Oldswinford C of E Primary School

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Oldswinford C of E Primary School

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DLD - Developmental Language Disorder

Language skills are the foundation for reading, writing, and learning. Improving a child or young person’s receptive and expressive language skills will benefit all areas of the curriculum and life in general.


Developmental Language Disorder (DLD) is common – it affects approximately 7.6% of all children in primary school (Norbury et al, 2016). This equates to roughly two children in every average class of 30 in the UK – but it can easily be mistaken for other things and might not be recognised as a language problem.


A classroom which supports communication will benefit all children and young people. But it is especially important for those with DLD.


What is DLD?


Developmental Language Disorder is a diagnosis given to children and young people who have  language difficulties that:  

  • Create barriers to communication or learning in everyday life.
  • Are unlikely to resolve by 5 years of age – they will have lifelong difficulties with language.
  • Are not associated with a known biomedical condition such as autism, brain injury, neurodegenerative conditions, hearing impairment or genetic disorders (such as Down’s syndrome).


In the past, DLD was known as specific language impairment (SLI), but the name has changed to more accurately reflect the types of difficulties experienced.


Children and young people with DLD have problems understanding and/or using spoken language. And because language underlies so much of what we do, this may impact on many other areas as well, including literacy, learning, processing and memory, emotional wellbeing, social interaction, behaviour and forming friendships.



Difficulties may include: 

Attention and listening:

-Presenting as looking ‘blank’, not listening or not paying attention due to their difficulties processing and understanding language.
Understanding language,

-Difficulty following instructions.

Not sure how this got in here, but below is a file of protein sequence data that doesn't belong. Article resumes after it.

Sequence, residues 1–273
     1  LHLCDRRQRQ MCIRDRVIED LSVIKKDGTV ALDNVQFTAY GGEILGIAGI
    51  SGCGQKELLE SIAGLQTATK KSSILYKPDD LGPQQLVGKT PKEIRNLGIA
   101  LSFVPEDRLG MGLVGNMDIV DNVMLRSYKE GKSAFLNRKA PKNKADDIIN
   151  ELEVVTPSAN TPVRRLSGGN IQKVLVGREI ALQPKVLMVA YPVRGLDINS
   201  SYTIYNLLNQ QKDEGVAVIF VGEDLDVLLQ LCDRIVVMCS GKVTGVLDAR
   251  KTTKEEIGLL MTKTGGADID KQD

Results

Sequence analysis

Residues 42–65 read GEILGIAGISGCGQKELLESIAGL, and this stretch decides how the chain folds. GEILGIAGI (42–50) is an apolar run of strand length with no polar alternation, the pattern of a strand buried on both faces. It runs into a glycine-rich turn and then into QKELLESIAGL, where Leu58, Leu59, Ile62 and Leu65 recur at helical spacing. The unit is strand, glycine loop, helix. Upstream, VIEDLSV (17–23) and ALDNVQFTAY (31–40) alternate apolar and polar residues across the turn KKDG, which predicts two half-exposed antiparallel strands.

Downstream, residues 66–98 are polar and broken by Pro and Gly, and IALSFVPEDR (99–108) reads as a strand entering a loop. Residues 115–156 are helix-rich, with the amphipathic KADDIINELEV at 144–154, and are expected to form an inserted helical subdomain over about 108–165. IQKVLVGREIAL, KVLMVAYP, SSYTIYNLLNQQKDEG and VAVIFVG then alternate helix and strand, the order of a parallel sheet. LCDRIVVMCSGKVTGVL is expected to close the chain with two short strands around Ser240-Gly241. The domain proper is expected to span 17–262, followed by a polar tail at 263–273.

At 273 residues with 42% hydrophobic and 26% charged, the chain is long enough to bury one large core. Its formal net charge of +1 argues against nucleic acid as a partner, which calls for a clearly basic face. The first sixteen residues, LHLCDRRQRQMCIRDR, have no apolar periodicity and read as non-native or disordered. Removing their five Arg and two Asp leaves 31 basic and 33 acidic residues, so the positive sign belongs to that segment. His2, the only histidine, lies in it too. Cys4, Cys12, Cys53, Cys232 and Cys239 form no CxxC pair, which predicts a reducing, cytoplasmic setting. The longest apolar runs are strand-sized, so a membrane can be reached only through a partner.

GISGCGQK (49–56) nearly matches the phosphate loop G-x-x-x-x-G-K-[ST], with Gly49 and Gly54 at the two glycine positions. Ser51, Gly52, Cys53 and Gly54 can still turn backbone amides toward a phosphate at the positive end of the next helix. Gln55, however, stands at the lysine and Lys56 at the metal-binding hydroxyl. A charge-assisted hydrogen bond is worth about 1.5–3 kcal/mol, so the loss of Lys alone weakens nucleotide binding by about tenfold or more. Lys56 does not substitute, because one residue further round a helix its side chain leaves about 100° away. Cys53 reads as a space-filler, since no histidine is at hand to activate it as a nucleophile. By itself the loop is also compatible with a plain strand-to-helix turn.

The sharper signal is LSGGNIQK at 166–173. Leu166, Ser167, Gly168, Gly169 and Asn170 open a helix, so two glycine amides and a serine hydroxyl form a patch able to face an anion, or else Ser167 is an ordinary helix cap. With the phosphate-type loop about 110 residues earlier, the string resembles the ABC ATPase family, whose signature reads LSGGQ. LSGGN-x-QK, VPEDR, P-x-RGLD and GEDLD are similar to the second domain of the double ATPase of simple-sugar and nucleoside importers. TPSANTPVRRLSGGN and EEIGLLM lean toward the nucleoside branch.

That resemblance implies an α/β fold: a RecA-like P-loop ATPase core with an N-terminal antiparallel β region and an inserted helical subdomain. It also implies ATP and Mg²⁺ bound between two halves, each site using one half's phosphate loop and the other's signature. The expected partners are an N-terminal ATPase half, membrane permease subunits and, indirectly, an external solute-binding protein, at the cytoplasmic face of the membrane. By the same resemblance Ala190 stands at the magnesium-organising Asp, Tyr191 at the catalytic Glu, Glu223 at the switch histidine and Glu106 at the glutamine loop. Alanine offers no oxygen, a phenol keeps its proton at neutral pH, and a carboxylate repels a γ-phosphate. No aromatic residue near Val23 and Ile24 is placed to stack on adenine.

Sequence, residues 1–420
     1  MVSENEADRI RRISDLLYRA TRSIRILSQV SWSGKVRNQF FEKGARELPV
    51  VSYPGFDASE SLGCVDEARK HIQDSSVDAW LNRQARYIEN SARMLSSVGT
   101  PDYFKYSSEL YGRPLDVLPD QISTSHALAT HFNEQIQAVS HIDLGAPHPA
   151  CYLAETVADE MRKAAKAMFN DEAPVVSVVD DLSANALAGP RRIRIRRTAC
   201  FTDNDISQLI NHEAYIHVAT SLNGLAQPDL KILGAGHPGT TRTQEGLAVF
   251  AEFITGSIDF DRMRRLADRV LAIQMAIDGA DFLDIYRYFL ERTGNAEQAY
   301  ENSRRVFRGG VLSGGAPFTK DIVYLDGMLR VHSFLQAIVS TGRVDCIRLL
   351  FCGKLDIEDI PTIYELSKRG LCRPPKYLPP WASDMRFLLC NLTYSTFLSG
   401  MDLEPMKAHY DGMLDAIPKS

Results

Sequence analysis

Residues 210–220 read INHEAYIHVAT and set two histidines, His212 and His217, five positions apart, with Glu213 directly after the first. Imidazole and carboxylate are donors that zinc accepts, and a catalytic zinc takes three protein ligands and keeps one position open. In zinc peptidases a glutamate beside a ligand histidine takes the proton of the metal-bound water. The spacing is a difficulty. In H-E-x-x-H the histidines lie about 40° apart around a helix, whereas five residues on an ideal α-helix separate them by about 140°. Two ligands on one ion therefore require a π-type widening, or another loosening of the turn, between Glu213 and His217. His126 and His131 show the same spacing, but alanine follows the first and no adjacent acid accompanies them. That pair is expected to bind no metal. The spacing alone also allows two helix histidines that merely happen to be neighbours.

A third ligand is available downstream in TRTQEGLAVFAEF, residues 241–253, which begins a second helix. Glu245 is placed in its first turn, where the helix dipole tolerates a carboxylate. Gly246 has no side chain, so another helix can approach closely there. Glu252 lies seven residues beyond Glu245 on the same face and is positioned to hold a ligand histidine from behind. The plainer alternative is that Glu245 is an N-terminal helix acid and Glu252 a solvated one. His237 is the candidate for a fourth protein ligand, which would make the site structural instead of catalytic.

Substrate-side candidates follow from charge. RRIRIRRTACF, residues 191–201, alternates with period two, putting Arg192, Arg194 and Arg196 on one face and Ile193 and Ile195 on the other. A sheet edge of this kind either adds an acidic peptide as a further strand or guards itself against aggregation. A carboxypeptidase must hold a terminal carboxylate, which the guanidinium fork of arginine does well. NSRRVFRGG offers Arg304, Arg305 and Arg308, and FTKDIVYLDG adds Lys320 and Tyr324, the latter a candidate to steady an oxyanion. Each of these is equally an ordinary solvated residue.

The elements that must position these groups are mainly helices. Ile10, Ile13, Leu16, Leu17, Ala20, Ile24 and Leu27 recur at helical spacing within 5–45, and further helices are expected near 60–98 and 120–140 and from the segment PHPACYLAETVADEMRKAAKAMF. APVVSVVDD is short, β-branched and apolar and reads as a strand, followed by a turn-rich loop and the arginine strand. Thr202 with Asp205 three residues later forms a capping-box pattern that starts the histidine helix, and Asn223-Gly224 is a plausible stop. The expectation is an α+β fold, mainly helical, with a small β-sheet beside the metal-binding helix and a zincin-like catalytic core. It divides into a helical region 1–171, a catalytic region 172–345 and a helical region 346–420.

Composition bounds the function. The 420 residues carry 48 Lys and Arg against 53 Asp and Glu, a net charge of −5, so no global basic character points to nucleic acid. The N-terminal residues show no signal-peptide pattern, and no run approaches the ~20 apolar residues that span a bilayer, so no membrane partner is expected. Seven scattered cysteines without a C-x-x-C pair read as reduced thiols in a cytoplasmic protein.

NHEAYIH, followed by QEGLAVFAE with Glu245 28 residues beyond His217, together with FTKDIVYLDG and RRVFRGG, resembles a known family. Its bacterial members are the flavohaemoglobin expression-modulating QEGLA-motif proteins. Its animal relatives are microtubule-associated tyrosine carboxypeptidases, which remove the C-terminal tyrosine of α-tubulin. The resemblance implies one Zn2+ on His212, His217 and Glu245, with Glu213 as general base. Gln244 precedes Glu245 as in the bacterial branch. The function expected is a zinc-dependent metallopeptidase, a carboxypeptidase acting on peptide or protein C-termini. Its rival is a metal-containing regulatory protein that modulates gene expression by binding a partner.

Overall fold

-Incorrect or off-topic responses to questions.
-Difficulty listening to, remembering and understanding explanations.
-Reduced ability to learn and understand vocabulary, including academic vocabulary.
-Problems with understanding may be less obvious in some children and young people but more apparent in their behaviour, as they develop strategies to cover up the problems they have in understanding.
Talking/expressive language,

-Immature or less sophisticated vocabulary and grammar.
-Non-specific words (such as stuff, thingy).
-Jumbled up word order.
-Word-finding difficulties.
-Trouble telling a story or recounting an incident.
-Shorter and more immature sentences to express meanings than their peers. For example, when typical children can say That boy cuts shapes out of paper with sharp scissors, the child with DLD
might say 'Him doing cuts' to express the same idea.

Forming friendships and interacting with peers:
Even though they may be socially motivated, these children and young people may struggle to keep up in interactions with peers due to their language difficulties.

Literacy skills, reading comprehension and written expression:

All these skills depend on having a solid foundation of spoken language skills to build upon.

Academic attainment: 

As all teaching and learning in education takes place through language.



What causes DLD?
Like other developmental conditions, such as dyslexia and autism, DLD is caused by a complex interaction between genetic and environmental risk factors. The profile of risk factors will vary between individuals. These risk factors appear to have subtle impacts on the way the brain learns language. As a result, we know that DLD runs in families – it is more common for a child or young person to have DLD when there is a family history of speech and language difficulties.


We also know that DLD is not caused by:
• Another medical condition or diagnosis, though many childhood conditions (such as autism or Down’s syndrome) are also characterised by difficulties with language.
• Poor parenting.
• Emotional difficulties (although it is common for children and young people with DLD to experience challenges relating to their social and emotional wellbeing).


How is DLD diagnosed?

At OCEPS, we monitor children's progress and attainment closely. Where teachers feel that there may be a language barrier present that needs support in addition to the communication-friendly environment already provided, parents will be informed. The class teacher will then seek support from the SENCO who will provide advice and resources. If following additional support and/or intervention, concerns remain, then a referral to our specialist Speech & Language Therapist will take place (with parental consent.) The therapist will liaise with staff, carry out assessments and decide if they meet the criteria. If so, a diagnosis of DLD will be given. 

Following this, targeted intervention will take place and be reviewed as part of the graduated approach. Once targets have been met, either new targets will be set, dependent upon the needs of the child, or classroom support and adaptations will be amended.


Read the leaflet below to see how DLD is supported in school.

Believe, achieve and shine brighter together.